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Main > Fairy tale > All authors > Andersen Hans Christian > Fairy tale "Sunshine Stories"

Sunshine Stories

"I'll tell you a story," said the wind. "Kindly remember," said the Rain, "that it's my turn to talk. You've been howling around the corner at the top of your voice quite long enough."

"Is that the thanks I get for all of the favors I've done you?" the Wind blustered. "Many an umbrella I've turned inside out, or even blown to tatters, when people tried to avoid you."

"Be silent! It is I who shall speak," said the Sunshine, who spoke with such brilliance and warmth that the weary Wind fell flat on his back, and the Rain shook him and tried to rouse him, crying: "We won't stand for it. This Madam Sunshine is forever interrupting us. Don't lets listen to her. What she says is not worth hearing."

And the Sunshine began: "A beautiful swan flew over the rolling, tossing waves of the ocean. Each of its feathers shone like gold. One feather drifted down above a great merchant ship that sailed the sea with all its canvas spread. The feather came to rest upon the curly hair of a young overseer who looked after the goods aboard that ship - supercargo they called him. The bird of fortune's feather touched his forehead, became a quill pen in his hand, and brought him such luck that he soon became a merchant, a man of wealth, a man so rich that he could wear spurs of gold and change a golden dish into a nobleman's shield. I know - I have shone on it," said the Sunshine.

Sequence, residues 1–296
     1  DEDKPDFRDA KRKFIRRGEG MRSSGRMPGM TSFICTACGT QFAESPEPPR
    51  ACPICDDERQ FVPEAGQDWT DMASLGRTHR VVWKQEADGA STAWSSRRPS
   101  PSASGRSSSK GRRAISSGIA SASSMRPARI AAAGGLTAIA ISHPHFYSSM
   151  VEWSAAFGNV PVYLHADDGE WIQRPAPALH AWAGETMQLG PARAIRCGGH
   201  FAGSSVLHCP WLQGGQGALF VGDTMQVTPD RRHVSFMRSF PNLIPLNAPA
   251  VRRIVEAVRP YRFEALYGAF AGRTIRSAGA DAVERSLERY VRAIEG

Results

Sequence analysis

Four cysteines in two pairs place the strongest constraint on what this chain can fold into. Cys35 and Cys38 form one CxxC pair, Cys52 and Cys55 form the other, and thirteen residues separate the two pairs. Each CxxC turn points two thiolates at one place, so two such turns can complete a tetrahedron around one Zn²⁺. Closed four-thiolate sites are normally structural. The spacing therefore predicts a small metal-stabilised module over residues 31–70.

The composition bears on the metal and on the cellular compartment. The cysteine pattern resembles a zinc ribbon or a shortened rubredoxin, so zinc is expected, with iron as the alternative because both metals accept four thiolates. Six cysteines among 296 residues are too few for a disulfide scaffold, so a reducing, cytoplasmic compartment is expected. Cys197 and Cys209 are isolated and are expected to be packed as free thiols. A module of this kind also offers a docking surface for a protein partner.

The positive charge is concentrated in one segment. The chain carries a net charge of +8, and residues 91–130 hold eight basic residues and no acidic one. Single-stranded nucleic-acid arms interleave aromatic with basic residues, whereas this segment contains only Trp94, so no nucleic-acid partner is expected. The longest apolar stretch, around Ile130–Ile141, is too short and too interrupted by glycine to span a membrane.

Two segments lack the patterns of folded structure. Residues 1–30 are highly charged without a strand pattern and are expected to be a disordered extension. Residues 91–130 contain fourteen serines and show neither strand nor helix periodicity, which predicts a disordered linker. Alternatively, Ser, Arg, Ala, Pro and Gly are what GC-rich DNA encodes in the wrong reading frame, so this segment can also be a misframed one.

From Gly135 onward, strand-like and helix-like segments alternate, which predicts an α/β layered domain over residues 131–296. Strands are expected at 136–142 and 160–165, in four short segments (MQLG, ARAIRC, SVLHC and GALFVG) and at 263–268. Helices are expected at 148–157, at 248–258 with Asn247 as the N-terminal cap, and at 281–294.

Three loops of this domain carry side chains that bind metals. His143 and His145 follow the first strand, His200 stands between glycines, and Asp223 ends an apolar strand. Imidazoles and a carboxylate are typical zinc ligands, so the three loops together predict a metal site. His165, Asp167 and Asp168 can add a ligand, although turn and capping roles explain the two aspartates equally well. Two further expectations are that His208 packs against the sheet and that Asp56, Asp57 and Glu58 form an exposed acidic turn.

"The swan flew far away, over a green meadow where a little shepherd boy, not more than seven years old, lay in the shade of an old tree, the only tree in that meadow. As the swan flew past it, she brushed one leaf from the tree. This leaf fell into the boy's hands, where it turned into three leaves, ten leaves - yes, it turned into all the leaves of a book. In this book he read of the many wonderful things that are in nature, about his native language, about faith, and about knowledge. Before he went to sleep he laid the book under his pillow to keep from forgetting what he had learned during the day. The wonderful book led him first to school, and then far into the fields of learning.

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